An inside look at the current state of FCL vs. LCL ocean freight and how to make the best choice for your shipment.
Much like over-the-road carriers that offer both truckload and less-than-truckload options, ocean shipping falls into two primary categories: Full Container Loads (FCL) and Less-than-Container Loads (LCL). With FCL, all of the goods in one container are owned by a single shipper, regardless of the total container volume that’s actually used.
LCL cargo shipping, on the other hand, shares the space with other shippers and is usually booked by a freight forwarder that arranges the FCL by “consoling” various shipments and ensuring that they reach their final destinations (i.e., by “separating” disparate shipments into individual ones at the final destination).
Making the Right Choice, Every Time
There are pros and cons to each option, and selecting the right one will depend on how much freight you’re shipping, where it’s going, and how quickly it needs to get to its final destination. Current freight volumes and rates also come into play. For example, companies exporting freight from the U.S. East Coast right now are seeing low FCL rates.
Put simply, you won’t need a whole lot of cargo in a container to make it pay for itself. However, the more expensive containers become on an FCL basis, the more attractive LCL becomes. For this reason, a good starting point is to figure out exactly where the FCL market is (is it high or low?) and use that to guide your decision. If you have 10 cubic meters (CBM) to fill, for instance, the break-point will change dramatically depending on FCL costs.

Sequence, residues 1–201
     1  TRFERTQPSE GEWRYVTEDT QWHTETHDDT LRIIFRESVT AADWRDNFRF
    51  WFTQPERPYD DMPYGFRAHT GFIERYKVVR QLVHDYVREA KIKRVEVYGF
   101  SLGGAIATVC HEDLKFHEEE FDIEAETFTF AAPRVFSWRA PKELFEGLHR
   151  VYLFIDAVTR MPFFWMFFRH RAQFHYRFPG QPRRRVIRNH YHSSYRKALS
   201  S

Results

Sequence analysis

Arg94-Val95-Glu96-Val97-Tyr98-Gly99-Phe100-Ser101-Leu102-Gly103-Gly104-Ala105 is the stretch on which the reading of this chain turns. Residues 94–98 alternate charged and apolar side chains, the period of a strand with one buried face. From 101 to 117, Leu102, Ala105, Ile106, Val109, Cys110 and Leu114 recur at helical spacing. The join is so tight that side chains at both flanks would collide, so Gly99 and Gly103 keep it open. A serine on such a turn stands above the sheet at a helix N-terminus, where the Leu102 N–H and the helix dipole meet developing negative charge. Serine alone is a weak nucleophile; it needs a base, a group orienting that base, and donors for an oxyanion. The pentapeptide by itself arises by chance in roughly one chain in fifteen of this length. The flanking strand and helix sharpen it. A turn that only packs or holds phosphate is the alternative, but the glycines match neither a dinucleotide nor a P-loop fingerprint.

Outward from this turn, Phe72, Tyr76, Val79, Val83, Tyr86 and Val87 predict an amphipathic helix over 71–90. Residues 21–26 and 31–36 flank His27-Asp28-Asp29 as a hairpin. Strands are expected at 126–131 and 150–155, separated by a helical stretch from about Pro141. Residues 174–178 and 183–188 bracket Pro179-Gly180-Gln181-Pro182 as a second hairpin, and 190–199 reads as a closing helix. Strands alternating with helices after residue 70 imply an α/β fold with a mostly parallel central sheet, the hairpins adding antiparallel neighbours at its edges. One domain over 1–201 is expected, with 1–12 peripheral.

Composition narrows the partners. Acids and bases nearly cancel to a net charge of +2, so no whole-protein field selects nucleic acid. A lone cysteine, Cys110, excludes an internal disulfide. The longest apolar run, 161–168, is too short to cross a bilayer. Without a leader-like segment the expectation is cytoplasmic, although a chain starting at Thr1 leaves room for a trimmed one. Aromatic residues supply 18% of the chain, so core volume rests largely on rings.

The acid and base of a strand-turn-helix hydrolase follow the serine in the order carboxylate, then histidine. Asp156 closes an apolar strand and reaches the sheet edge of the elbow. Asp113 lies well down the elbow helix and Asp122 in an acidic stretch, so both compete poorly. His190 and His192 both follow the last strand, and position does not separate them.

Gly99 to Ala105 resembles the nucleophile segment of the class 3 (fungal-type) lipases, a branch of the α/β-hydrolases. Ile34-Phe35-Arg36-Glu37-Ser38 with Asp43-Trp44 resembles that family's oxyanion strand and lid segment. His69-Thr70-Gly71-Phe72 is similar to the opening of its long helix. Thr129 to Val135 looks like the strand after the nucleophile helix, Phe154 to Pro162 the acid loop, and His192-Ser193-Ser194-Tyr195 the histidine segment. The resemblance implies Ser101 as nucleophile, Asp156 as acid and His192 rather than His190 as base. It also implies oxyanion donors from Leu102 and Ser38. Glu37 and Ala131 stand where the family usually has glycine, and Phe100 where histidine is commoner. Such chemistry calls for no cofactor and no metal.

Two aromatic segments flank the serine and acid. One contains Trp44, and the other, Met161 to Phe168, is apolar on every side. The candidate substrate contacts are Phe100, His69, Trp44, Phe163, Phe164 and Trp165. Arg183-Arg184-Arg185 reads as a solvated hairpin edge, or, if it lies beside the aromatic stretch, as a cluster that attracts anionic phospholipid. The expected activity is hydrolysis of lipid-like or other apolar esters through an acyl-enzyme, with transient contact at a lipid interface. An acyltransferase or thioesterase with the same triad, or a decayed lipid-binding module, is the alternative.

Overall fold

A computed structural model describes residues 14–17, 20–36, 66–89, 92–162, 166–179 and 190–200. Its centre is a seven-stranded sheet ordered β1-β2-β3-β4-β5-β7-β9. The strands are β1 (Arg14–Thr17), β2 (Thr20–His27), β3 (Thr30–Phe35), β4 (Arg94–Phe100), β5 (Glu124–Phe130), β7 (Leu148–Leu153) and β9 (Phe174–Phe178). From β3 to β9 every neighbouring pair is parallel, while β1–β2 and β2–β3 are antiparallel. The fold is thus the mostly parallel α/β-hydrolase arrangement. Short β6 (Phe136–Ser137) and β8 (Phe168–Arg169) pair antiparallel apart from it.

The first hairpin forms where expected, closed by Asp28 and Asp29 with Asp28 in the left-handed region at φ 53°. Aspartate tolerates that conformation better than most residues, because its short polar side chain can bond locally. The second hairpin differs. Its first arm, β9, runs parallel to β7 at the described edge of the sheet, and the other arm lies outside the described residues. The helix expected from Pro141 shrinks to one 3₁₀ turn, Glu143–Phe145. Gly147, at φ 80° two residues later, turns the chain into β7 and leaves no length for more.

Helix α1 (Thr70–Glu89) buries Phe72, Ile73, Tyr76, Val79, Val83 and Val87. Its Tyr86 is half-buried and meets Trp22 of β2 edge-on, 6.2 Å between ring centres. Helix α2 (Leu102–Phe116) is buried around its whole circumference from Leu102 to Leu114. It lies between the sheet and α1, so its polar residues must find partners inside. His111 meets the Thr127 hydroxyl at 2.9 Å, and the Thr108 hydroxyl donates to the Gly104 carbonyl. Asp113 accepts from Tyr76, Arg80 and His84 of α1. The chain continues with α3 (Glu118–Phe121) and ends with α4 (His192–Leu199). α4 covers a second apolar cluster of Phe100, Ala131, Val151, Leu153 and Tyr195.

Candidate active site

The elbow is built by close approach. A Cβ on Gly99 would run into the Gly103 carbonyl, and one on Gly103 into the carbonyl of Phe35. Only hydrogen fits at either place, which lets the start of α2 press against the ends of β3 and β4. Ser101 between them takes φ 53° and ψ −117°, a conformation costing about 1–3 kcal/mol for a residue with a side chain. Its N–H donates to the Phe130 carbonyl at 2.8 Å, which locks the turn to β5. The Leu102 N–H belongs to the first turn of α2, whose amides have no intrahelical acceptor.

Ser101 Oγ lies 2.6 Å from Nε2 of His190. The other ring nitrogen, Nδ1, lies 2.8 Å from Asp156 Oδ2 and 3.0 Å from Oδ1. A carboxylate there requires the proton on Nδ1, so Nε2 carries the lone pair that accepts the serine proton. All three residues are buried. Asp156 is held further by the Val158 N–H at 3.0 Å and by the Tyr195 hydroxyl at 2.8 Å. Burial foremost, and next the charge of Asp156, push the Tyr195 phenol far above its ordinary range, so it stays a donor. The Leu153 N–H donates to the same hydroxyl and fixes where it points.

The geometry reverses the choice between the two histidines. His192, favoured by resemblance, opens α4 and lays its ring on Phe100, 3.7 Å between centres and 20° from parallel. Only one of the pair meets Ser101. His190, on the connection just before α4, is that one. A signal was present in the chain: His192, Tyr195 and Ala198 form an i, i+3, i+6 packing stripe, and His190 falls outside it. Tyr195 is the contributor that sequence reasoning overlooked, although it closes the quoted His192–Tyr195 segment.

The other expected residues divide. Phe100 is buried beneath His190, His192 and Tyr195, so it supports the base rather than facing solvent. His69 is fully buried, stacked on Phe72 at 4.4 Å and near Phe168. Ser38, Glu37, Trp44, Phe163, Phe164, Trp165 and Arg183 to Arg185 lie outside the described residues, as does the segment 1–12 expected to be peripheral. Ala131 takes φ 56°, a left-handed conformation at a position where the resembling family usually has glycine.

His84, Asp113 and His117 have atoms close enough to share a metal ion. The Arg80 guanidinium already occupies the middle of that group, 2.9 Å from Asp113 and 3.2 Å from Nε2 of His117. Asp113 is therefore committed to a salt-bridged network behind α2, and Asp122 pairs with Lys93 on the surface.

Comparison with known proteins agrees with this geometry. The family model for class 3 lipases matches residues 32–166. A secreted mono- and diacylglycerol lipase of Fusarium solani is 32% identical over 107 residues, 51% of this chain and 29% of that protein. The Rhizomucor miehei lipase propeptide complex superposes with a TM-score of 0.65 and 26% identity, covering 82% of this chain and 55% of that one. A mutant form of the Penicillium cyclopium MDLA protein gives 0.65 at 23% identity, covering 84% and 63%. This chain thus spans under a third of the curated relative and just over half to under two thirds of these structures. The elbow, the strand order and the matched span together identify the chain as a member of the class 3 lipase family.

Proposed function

Other key factors to consider when choosing between FCL and LCL are:
Where the shipment is coming from or going to.Is it import or export? And where is the shipment originating and/or going to? These are important considerations in the current ocean shipping environment, where exporting to Europe vs. importing from Asia are two very different scenarios in terms of rates and available capacity.
The cost of smaller containers versus LCL.Because it takes ocean carriers the same amount of money, time, and effort to ship 20-foot containers versus 40-foot containers, they try to avoid the former at all costs. That’s why prices on 20-foot containers—which tend to be best for very heavy cargo (e.g., granite, tile, fasteners, etc.)—are high. So, where exporters might assume a 20-footer is half the price of a 40-footer, that’s not the case. If you’re importing from Asia, for example, the cost of shipping a 20-foot container is roughly 90% of the cost of a 40-foot container. Because of this, it nearly always pays to explore the LCL opportunities before securing space in a 20-foot container.
The goods that you’re shipping.Shipping relatively lightweight cargo in a 20-foot container via FCL doesn’t make sense in an environment where LCL offers a better deal (and faster transit times). Our suggestion in this case would generally be to use the consolidated load in order to leverage the better deal.